Tuesday, December 4, 2012

Good government

In a workshop on creative thinking we speculated: If magic somehow would exist, what would be the highest form of magic? Surprisingly, but clearly, good government was the winner. Or, as it is called in business: good governance.

This reminds me of Barbara Tuchman’s The March of Folly, analyzing historical examples of foolish government. She distinguishes four kinds of misgovernment:  tyranny or oppression; excessive ambition; incompetence or decadence;  and folly or perversity. She adds that these kinds are unfortunately not mutually exclusive. Tuchman is eminently quotable:

Outside government, man has accomplished marvels: voyaged to the moon; harnessed wind and electricity, raised stones into cathedrals, wove silk brocades out of the spinnings of a worm, constructed the instruments of music, derived power from steam, controlled or eliminated diseases, pushed back the North Sea and created land in its place, classified the forms of nature, penetrated the mysteries of the cosmos. While all other sciences have advanced, confessed John Adams, government is at a stand; little better practiced now than three or four thousand years ago.

Tuchman concludes that most follies are unnecessarily activist. And once the action misfires, compounding the error by continuing and enlarging it. Her champion of wooden‑headedness is Philip II of Spain: No experience of the failure of his policy could shake his belief in its essential excellence.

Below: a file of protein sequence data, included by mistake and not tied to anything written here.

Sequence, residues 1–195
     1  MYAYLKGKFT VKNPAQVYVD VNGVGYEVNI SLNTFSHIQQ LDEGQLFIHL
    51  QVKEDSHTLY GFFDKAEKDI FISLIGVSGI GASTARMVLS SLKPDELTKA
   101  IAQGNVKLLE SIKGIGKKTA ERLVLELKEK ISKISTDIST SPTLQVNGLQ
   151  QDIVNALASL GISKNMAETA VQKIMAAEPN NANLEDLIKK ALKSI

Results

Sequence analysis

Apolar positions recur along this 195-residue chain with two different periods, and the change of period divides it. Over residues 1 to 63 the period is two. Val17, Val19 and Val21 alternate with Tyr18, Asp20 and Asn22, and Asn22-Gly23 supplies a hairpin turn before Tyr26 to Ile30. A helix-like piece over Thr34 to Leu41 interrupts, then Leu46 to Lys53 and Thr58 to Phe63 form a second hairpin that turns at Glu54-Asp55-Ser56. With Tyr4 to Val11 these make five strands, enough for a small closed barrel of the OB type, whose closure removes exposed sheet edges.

She sees folly not as the child of limited mental powers, but as the child of power hunger, especially clinging to a position of power once gained: The chief force behind political folly is addiction to power, for fear of losing it. … Power breeds folly; the power to command triggers failure to think; responsibility often fades in exercising it. … Lure of office stultifies government performance. The bureaucrat dreams of promotion, higher officials want to extend their reach, legislators and the chief of state want re‑election; the guiding principle is to please as many and offend as few as possible.
As Winston Churchill quipped: Democracy is the worst system of government - except for all the others.

Henry Kissinger: Leaders in government do not learn beyond the convictions they bring with them. Learning from experience is absent.
Mental standstill fixes the principles and boundaries governing a political problem. When dissonances and failures of a policy appear, the advocates rigidify. Their rigidity increases investment and the need to protect egos; policy founded upon error multiplies, never retreats.

Already Machiavelli wrote that a prince ought always to be a great asker and a patient hearer of truth about those things of which he has inquired, and he should be angry if he finds that anyone who shrinks from telling him the truth. Government needs great askers. In the search for wiser government we should look for character, for moral courage.
One of the few who outright admitted error was Harry Truman. Famous was his smiling retort when a journalist asked him if he hadn’t made an error in a decision during the Korea War: A schoolboy’s hindsight is better than a president’s foresight.  A lonely example of reversing a policy, was when Sadat visited Israel and offered peace.

Tuchman: We cannot expect much improvement. We can only muddle on like we have done in those three or four thousand years, through patches of brilliance and decline, great endeavor and shadow. There you have it.

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